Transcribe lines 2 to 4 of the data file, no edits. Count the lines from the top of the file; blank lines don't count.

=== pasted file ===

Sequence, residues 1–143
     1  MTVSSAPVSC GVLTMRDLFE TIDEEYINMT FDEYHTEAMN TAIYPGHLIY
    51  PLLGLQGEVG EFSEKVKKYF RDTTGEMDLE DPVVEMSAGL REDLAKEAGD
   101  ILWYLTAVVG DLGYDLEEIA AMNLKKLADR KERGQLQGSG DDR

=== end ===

     1  MTVSSAPVSC GVLTMRDLFE TIDEEYINMT FDEYHTEAMN TAIYPGHLIY
    51  PLLGLQGEVG EFSEKVKKYF RDTTGEMDLE DPVVEMSAGL REDLAKEAGD
   101  ILWYLTAVVG DLGYDLEEIA AMNLKKLADR KERGQLQGSG DDR